Below are my rough boards set to Rebecca’s demo. At the end, i added a pause for when she throws the Rose into the air. It felt like a good spot for things to crescendo ring out. Deedee Magno Hall’s rendering of this blew us all away when we heard it.

From there clean up was pretty much straight forward. The scene didn’t change much except for tweaking her acting here and there. I’m super proud of how this scene turned out, hats off to Nick DeMayo our animation director and to the team at Sunimin in Korea where they draw the entire episode on paper:

May 16 2016

April 30 2016

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Beyond the Grotto title card concepts by Lindsay and Alex Small-Butera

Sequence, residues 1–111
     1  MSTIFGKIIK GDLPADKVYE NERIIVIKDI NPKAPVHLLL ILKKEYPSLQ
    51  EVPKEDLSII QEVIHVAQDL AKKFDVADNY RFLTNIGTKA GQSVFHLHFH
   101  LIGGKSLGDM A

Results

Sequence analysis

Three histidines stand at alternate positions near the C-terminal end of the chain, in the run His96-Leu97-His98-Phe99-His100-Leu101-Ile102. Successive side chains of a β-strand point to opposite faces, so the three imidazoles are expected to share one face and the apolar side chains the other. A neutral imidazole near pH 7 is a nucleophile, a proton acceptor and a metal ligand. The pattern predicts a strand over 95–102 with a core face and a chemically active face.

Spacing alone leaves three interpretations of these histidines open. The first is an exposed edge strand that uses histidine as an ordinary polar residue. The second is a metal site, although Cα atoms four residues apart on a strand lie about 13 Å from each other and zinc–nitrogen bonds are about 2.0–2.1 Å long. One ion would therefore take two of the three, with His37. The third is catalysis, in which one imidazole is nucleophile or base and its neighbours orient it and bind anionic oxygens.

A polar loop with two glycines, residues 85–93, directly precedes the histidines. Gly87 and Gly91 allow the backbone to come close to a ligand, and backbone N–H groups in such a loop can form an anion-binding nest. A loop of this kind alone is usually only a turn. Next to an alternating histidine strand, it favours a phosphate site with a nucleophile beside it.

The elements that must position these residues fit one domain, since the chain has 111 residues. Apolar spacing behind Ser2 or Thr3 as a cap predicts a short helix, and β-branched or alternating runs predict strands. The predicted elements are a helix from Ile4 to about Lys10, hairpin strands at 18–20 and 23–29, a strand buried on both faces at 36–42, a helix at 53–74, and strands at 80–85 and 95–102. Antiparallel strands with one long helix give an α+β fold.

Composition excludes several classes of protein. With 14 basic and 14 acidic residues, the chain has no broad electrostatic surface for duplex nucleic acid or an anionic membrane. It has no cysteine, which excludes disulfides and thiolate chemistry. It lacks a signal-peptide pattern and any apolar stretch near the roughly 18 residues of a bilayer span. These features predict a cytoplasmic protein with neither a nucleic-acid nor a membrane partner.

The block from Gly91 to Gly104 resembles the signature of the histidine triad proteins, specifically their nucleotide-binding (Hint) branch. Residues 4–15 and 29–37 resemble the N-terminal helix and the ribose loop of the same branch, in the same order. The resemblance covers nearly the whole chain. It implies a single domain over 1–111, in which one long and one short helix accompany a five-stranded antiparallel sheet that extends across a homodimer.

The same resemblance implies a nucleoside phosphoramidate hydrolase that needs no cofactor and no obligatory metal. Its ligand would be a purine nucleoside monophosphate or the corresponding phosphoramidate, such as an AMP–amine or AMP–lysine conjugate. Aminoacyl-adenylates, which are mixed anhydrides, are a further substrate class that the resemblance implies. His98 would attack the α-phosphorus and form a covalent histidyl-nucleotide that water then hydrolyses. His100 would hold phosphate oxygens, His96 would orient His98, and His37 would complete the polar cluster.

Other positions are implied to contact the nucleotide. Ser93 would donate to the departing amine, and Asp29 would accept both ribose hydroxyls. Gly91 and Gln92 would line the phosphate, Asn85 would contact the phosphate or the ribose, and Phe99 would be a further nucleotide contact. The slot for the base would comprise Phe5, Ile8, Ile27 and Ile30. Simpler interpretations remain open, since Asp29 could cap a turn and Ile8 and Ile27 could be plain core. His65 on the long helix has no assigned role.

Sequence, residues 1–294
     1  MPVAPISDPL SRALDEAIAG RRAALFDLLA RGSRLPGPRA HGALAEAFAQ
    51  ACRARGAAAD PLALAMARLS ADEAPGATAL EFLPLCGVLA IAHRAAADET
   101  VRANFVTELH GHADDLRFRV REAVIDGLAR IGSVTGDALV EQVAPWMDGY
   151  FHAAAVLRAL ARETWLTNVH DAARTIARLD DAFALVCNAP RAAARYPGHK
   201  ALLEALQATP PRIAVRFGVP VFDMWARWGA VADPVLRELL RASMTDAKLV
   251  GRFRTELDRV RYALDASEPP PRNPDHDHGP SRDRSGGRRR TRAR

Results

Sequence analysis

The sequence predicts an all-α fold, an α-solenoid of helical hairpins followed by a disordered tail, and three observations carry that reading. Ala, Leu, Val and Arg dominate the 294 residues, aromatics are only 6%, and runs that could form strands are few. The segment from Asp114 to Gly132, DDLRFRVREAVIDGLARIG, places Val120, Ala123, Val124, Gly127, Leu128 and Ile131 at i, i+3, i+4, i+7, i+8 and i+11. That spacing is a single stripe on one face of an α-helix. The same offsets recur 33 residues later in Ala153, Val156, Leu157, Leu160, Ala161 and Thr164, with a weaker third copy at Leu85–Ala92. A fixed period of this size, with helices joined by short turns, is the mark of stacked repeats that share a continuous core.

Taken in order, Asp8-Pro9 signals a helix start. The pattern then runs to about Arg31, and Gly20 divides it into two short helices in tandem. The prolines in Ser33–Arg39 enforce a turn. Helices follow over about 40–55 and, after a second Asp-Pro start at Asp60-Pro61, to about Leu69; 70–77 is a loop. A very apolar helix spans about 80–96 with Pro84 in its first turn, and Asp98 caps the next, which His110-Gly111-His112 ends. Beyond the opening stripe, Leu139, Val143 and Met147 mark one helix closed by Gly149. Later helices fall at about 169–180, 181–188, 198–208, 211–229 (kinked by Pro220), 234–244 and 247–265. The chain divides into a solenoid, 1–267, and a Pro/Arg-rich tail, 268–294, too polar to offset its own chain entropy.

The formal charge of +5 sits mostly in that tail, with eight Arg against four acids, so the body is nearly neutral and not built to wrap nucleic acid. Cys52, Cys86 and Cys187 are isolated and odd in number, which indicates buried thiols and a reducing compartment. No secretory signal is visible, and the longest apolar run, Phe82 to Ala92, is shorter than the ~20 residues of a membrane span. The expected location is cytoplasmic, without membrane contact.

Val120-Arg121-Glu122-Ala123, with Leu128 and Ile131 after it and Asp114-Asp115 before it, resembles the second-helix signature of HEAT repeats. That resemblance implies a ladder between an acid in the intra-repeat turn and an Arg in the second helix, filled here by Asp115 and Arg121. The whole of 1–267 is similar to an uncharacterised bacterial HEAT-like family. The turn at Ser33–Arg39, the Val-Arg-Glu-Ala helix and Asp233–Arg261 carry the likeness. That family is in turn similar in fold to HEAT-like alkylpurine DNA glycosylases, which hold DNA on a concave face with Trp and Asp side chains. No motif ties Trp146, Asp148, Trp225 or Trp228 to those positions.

April 23 2016

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I’m convinced conservatives hate women.

April 20 2016

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Brain snacks between work. 

It’s a squirrel. A sine squirrel. 



୧ʕ•̀ᴥ•́ʔ୨Update 11/22: Just wanted to tweak some things in here! Originally I posted this the day I spoke with my instructor and got all this advice from them, I wanted to post it while it was fresh in my head and now looking back there’s certainly things I’d like to word differently. (: This post recently blew up and there’s some things I feel I should go more into detail with as well as add on some other advice I learned this weekend now that I’ve attended CTNX.~ I’ll be editing and adding in new input with italics and parenthesis btw.

Hey friends, here’s the thing I was talking about. Prepare for some information and advice in a probably not extremely coherently written way.